Semiconductor chip shortages, and the supply-chain failures related to them, have been in the news for months. Now, even people once unaware of semiconductor manufacturing challenges are likely to know a little about those issues. But knowing about or understanding those problems is not enough: there must be some effort to resolve them. These are some of the obstacles interfering with uninterrupted production.
Time, resources for new factories
Some people wonder why the solution is not simply to build new operations for producing semiconductors. That is one option, but it is not a quick fix. Nina Turner of market intelligence firm IDC said chip factory construction happens on a five-year timeline. It also takes a minimum of $10 billion to build a new chip manufacturing plant.
Even if the investors and regulators agree to proceed to install new capacity, problems may yet prevent construction from completing as expected. Intel will build two semiconductor factories in Ohio — however, the project requires 7,000 workers during an ongoing labor shortage. Many of the people who may otherwise be available are already working on other projects in the area. Those include a biomanufacturing plant, a medical center addition, a hotel, and three data centers.
Officials associated with the Ohio’s labor market say there are not enough additional workers to take on the Intel project. Even so, the early phases of construction are underway, but it is too soon to know whether delays might occur later.
Semiconductor factory construction also can be slowed by unexpected regulatory issues not directly within the developer’s control. That is the case for Wolfspeed, a company trying to build a new chip plant in North Carolina. Numerous violations at the area’s wastewater plant caused officials to issue a moratorium to prevent all new sewer connections, temporarily. That is critical because wastewater processing is a significant part of semiconductor production.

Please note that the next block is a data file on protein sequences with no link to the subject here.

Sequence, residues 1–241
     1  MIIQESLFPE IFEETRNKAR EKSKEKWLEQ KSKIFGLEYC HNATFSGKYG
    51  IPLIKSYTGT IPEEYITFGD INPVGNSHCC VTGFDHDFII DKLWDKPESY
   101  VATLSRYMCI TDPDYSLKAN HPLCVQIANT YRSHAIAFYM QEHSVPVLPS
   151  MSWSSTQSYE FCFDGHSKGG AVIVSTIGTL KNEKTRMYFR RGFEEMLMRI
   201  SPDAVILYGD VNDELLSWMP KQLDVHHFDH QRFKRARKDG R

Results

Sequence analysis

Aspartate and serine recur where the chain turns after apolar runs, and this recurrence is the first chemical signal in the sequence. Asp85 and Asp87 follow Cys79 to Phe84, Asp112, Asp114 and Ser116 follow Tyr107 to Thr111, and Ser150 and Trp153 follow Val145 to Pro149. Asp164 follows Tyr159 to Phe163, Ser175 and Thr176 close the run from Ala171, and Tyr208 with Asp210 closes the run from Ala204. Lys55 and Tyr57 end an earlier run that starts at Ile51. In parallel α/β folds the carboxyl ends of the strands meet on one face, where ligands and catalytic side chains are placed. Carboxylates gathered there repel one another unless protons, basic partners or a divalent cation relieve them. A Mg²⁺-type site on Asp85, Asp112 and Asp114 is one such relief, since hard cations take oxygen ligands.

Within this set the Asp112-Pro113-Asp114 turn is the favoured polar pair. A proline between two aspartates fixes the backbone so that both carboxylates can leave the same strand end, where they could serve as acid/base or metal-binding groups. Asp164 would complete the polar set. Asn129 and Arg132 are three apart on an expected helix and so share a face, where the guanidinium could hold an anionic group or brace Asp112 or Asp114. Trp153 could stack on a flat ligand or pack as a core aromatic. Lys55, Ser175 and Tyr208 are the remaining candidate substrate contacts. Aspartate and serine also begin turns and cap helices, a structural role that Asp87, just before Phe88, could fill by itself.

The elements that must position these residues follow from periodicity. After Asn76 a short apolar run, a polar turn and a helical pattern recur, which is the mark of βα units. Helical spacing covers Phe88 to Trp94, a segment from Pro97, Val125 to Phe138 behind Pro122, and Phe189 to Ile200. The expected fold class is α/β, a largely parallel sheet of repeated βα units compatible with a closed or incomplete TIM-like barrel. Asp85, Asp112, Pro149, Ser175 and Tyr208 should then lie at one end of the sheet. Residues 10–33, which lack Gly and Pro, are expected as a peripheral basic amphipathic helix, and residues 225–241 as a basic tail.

Officials there also indicated that Wolfspeed already applied for some permits concerning its semiconductor factory, but would likely need to submit additional applications, including one for an air-quality permit. All major projects require going through such processes and it inevitably takes time to satisfy regulations and answer any questions about planned operations.
The semiconductor manufacturing challenges continue once new factories are completed. Many people who use products that rely on semiconductors do not fully appreciate all the specialized talent required to produce those chips. Each semiconductor operations needs professionals who know how to turn raw materials into finished goods, often using specialized equipment like CNC machines.
Chip industry sources report they cannot find enough workers to fill open positions. A related issue is that some of these positions require people with postgraduate degrees, and education-sector sources claim the semiconductor industry is less attractive to students than it once was — many tech students would rather pursue app development and work for Google, it is said. These students also often hesitate to earn doctoral degrees without the assurance of eventually earning high salaries.